During pre-market trading on November 21st, the stock prices of Chinese internet finance companies plunged on the US stock market, with Qudian dropping by 30%, CRF by 17%, PPDAI by 14%, Yirendai by 13%, and Rong 360 by 8%. Qudian shares have lost 60% of their peak market value.
The plunge was caused by the Chinese government’s issuance of the “Notice on Immediate Suspension of Licenses for Internet Microfinance Companies”, suspending licensing for new internet microfinance companies in an industry that has seen its value spike in recent years.
According to partial statistics, as of November 2017, 254 licenses have been issued for internet microfinance companies. Based statistics from the Economic Observer, companies applying for licenses fall into four categories:
- Listed companies, such as TCL, Hengda, Fosun, Poly Real Estate, GF Securities, Debon Logistics, Yutong Bus, Wanda, etc.
- Internet companies, such as Alibaba, Baidu, Jingdong, Xiaomi, Vipshop, Ctrip, YY, etc.
- Financial groups, internet platforms, and traditional small loan companies, such as CreditEase, Fenqile, Lakala, etc.
- Other categories, such as software companies.
Besides suspending new licenses, the Notice also prohibits permits for small loan companies to expand their small loan businesses across other provinces, districts, and cities, as the “cash loan” businesses carried out by some organizations carry high risks.
As the main product of the internet-based small loan businesses, cash loans will face further regulations.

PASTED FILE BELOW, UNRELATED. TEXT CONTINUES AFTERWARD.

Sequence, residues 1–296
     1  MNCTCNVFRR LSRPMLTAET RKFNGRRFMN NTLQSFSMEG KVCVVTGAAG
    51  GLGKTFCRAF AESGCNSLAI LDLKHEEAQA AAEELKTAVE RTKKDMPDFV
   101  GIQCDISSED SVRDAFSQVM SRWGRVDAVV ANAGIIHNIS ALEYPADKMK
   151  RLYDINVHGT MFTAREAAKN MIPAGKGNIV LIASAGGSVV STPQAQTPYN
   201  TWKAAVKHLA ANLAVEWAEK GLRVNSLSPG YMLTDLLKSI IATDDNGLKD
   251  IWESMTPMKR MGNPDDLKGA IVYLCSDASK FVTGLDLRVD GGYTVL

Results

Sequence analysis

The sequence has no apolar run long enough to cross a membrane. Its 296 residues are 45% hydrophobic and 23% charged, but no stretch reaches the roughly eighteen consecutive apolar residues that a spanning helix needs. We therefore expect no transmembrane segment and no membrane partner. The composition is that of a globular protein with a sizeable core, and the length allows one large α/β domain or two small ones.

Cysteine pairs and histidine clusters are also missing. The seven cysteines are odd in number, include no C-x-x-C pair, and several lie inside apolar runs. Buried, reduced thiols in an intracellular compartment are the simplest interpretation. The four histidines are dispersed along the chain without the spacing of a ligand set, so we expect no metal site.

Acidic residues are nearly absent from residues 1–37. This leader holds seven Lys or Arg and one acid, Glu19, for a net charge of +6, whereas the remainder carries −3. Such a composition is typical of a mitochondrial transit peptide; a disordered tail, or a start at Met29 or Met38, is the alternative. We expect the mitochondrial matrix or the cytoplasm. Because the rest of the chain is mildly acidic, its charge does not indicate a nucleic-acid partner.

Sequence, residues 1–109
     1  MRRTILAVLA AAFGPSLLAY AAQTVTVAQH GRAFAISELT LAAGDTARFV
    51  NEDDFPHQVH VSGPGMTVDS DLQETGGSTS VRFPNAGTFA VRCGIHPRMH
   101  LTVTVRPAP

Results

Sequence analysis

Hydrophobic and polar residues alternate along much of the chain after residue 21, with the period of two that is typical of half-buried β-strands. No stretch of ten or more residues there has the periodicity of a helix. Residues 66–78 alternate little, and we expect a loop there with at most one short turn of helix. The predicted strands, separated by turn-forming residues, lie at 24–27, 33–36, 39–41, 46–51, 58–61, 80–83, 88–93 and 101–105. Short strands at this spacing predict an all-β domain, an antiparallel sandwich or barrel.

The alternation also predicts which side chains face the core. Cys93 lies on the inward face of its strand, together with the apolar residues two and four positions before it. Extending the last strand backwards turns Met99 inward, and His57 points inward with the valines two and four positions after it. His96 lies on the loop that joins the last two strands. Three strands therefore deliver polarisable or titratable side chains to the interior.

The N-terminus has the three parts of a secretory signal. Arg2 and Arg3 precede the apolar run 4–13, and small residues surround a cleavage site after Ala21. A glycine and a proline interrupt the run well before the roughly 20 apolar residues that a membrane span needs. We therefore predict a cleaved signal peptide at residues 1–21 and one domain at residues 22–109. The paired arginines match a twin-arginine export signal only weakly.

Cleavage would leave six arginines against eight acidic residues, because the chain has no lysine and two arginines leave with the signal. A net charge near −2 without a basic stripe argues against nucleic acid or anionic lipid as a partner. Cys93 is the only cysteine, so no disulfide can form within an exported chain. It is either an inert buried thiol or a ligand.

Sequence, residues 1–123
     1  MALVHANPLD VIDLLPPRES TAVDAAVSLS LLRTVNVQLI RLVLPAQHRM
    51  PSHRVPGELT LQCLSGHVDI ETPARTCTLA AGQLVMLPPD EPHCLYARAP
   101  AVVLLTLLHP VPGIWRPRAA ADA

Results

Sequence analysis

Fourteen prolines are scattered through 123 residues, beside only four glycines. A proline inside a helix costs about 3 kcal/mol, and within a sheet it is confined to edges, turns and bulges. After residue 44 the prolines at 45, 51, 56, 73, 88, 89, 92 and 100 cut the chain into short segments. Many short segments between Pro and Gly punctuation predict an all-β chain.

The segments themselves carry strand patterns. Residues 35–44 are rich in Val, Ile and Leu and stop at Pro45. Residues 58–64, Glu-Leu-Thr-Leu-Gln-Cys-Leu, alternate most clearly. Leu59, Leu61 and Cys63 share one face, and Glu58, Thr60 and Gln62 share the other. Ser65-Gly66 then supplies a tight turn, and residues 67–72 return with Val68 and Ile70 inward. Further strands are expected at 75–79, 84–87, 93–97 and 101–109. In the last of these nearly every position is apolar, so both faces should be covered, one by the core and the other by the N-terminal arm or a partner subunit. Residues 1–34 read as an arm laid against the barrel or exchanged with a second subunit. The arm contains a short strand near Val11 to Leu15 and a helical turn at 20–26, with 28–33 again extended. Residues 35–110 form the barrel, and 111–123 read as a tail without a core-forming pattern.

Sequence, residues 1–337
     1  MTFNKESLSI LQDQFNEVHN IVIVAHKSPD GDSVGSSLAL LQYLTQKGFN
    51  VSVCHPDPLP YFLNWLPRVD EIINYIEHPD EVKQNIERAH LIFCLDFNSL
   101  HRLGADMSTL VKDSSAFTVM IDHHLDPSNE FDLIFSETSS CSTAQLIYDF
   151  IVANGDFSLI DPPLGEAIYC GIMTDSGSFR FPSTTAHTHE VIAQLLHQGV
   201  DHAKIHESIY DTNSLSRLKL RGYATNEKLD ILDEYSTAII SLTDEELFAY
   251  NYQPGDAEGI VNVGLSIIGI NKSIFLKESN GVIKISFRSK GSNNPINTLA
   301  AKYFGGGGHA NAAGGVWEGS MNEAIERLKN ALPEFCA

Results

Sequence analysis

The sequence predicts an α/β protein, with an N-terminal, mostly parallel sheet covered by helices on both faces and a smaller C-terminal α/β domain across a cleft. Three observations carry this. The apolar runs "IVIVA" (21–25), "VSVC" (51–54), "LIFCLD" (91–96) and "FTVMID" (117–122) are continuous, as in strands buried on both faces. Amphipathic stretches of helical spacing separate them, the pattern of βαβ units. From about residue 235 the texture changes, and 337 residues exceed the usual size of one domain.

Cash loan companies that have already obtained the license cannot sit back and relax either, as they may be among the first to be impacted by public regulation and strict scrutiny.
As industry standards develop, the products and credit markets that internet-based small loan companies are allowed to engage in will also be subject to regulation. According to a Caixin News reporter, there are far more organizations underutilizing the value of their licenses than those that can fully utilize them. 50% of the internet-based small loan companies do not actually run internet businesses; they use a traditional small loan business model or wait for the right time to venture into internet businesses instead. 30% of the companies offer cash loans and secondary installment loans. 20% of the companies offer self-sustaining financial products related to the businesses or industries that they are in.
According to Wangdaizhijia’s statistics, many of the entities currently conducting cash loan services do not hold a license for internet-based small loans. Besides the minority of platforms that hold such licenses such as Qudian, Fenqile, 51 Credit Card, etc., thousands of cash loan platforms do not have the legal right to make loans. These platforms can only resolve regulatory issues with stock licenses with limited application.
There are claims that the value of existing internet-based small loan licenses will continue to rise. Kr-Asia believes that the price of licenses may indeed rise, however, the increase in price may be due to high opportunity costs for approval of transfer. Currently, most provinces have an extremely high threshold for licensing internet-based small loan businesses, and the finance offices in these provinces will not approve the transfer of licenses easily. Therefore, the cost associated with these licenses will be higher, driving prices up, but they most likely will not sell.
Stronger supervision does not mean the end of the cash loan industry. While many long-tail platforms are likely to be shut down, the mainstream companies operating in compliance with rules and regulations are likely to thrive.
We can speculate as to the reasoning behind regulation of small loans – limiting the number of players in the small loan industry will leave only the best mainstream companies standing. At present, it is clear – a major reshuffle is inevitable.
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